Sustainable development central to engineering education
We are going to see a change in the Research Assessment Exercise (RAE) [for UK Higher Education] next year,’ said Ian Pearson, UK Minister of State for Science and Innovation.
The announcement was made in response to concerns raised by delegates at the Global Sustainability – The Future for Engineering Education forum, held at Imperial College London, UK, on 18 September.
Attendees noted that there was sometimes a conflict between the emphasis on gaining research points among academics, often in specialist areas, and the need to focus on integrating and inspiring engineering students on issues surrounding sustainable development.
Engineers should not only have the technical know-how, but should also be aware of the environmental, social and cultural impact and context of their work in addressing global problems such as climate change, waste management and sanitation. This was the consensus among delegates and speakers.
‘When we can help man walk on the moon, why do some [people] have to wait so long for clean water?’ asked Lizzie Webb, Director of Education, Training and Research for not-for-profit organisation Engineers Without Borders Australia.
Representing young engineers, Webb and Kaitlin Richards, a first-year Environmental Engineering undergraduate at the University of Queensland (UQ), Australia, struck a chord with their presentation on the charity. The organisation presents first-year undergraduates with the challenge of solving real life problems. Richards worked in a team of students to design a waste-water management system at Uluru Children’s Home in Alampara, India.
Change of image
Jonathon Porritt, Co-Founder of Forum for the Future – a sustainable development charity in the UK – hit hard with the challenges ahead for engineering education. He said that Forum for the Future’s Engineers of the 21st Century programme has worked for ten years undertaking a number of studies on sustainability, and while there has been a shift in thinking, now is the time for action, with only a window of 10-15 years to address the problem of climate change.
He said ‘Engineering is the key profession to tackle climate change [with] new technologies and processes. The fascinating thing is you have the institutional moan about the difficulty in attracting people to engineering – the failure of schools. What you need is young people saying “we care about the environment so I’m going to be an engineer”. I am talking about reconceptualising the image of the profession in a carbon-constrained environment.’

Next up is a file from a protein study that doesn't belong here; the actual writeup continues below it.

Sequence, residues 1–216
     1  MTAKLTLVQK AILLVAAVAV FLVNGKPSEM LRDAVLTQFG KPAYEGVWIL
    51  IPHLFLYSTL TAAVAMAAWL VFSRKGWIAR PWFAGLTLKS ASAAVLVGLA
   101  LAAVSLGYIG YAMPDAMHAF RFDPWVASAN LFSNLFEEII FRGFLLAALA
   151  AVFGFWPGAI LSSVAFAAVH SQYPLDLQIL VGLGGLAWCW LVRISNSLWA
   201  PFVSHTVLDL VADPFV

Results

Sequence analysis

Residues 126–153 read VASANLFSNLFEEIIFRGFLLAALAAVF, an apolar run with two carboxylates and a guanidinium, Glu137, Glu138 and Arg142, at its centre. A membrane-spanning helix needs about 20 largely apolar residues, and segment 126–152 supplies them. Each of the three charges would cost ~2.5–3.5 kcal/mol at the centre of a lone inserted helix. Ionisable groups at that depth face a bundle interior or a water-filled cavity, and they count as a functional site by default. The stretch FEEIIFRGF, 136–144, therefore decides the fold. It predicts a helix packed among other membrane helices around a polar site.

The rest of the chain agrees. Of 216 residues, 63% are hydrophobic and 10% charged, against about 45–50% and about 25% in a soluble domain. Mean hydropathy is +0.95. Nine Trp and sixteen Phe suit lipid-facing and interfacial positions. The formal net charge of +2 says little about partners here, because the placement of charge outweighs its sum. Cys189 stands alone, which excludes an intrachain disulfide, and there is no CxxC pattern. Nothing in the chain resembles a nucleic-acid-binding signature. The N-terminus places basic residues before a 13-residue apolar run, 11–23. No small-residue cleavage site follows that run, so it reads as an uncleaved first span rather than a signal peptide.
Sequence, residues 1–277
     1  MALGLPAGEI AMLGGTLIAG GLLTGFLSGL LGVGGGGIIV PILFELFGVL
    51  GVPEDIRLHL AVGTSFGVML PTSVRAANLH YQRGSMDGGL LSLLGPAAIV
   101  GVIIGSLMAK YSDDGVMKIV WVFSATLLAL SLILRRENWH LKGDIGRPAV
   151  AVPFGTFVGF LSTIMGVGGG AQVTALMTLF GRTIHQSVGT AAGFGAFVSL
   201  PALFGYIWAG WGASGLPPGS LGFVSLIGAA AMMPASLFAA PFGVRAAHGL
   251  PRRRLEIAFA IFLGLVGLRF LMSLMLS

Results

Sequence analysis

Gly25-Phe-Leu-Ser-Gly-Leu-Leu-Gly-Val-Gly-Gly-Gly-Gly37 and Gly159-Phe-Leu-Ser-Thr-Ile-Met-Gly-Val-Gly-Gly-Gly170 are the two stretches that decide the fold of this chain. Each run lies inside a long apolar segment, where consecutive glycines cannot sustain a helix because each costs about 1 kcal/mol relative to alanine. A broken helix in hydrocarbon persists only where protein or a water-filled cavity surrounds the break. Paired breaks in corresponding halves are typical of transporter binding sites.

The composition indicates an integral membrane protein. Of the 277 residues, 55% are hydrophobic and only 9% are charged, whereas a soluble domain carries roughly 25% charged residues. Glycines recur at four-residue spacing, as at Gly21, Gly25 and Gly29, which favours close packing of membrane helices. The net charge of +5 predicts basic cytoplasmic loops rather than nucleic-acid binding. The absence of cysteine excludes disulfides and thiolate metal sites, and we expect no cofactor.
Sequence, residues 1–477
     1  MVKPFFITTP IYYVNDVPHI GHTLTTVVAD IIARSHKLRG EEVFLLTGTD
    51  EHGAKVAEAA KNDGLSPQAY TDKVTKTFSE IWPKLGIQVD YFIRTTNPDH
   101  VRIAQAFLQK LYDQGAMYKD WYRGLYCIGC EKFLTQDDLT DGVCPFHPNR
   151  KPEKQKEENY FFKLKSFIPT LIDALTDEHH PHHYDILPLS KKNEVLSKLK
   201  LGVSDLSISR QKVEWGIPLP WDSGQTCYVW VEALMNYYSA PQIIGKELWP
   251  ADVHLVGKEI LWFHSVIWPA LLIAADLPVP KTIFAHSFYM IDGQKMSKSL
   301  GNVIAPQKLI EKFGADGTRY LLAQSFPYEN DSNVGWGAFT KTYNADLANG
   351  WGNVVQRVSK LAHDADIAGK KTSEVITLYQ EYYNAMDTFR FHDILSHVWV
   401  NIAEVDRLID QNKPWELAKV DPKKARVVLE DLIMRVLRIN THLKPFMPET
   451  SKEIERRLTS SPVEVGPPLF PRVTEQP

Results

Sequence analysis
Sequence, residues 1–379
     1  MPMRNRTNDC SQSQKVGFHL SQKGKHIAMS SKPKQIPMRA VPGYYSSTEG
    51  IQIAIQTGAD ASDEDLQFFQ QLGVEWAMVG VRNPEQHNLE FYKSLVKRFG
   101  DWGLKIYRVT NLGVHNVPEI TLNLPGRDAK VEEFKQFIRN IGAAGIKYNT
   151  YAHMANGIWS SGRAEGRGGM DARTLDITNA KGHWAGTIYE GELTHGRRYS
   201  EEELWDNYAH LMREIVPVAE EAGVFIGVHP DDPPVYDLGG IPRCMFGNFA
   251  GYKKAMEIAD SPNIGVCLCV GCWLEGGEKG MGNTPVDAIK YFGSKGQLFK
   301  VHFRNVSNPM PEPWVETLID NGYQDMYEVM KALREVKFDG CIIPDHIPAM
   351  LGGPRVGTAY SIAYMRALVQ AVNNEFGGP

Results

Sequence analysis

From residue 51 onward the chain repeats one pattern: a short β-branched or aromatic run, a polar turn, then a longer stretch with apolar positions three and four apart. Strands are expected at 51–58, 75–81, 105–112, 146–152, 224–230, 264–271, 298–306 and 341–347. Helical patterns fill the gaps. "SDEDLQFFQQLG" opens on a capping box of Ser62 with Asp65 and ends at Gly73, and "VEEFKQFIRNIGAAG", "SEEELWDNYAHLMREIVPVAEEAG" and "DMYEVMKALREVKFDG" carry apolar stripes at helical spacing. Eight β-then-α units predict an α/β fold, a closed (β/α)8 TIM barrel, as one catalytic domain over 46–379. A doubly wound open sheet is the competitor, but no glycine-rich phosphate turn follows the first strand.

He added, ‘Graduates are not fit for purpose for sustainable development. Modern undergraduate engineering programmes rarely reflect such important issues. It’s monumentally stupid to allow a single young person to leave school in a state of sustainable illiteracy – to allow a young engineering undergraduate [to do that] is insane. I am not talking about elective modules on sustainability. I am talking about it being at the heart of what you do. Progress has been pathetic.’
Barrier to change
Paul Jowitt, Professor of Civil Engineering Systems at Heriot Watt University in Edinburgh, UK, and Executive Director of the Scottish Institute of Sustainable Technology, continued the heated debate, alongside Ian Cameron, Head of Chemical Engineering at UQ.
They both argued that academics were sometimes the ‘barriers’ to change. Fears that discussing real projects or problems may water down the technical content were deemed unjustified. Providing students with a valuable context for their knowledge could in fact enhance learning. Jowitt uses, for example, a case study of a water resource management system in Israel to illustrate his lectures, while Cameron has helped to introduce a ‘project-centered curriculum’ at UQ.
Jowitt said, ‘The real problem is that most academic staff are not capable of doing problem-based learning. Most have been brought up to do research to score points in the RAE.’ One delegate noted the lack of a similarly rigorous teaching assessment exercise in higher education.
Pearson added, ‘The former DTI had a consultation on the RAE. But most universities are critical of the RAE until you try to change it.’ He also admitted that the status of engineers in the UK was not as strong as in other countries, and that too needed to be addressed to encourage change and attract more people to the profession. In an online survey of recent graduates who are now working in industry, conducted by Engineers of the 21st Century, the theme was clear. One respondent said, ‘My experiences at university did not in any way prepare me for working in a forward thinking environment.’
But while academia did face criticism, the good work of many universities was not ignored, nor was industry’s role. It was raised that companies need to prove to young people that ‘green’ thinking is valued and important in advancing technology for sustainable development. Furthermore, ‘soft skills’ such as project management, team work and good communication also need to be on par with technical qualifications.
One delegate challenged Ellis Armstrong of BP, ‘Let’s assume that we at the universities have signed up to [sustainable development]. Why not announce [your approach] on your website. And say “we will give a signing bonus to people who demonstrate these skills.” Put your money where your mouth is.’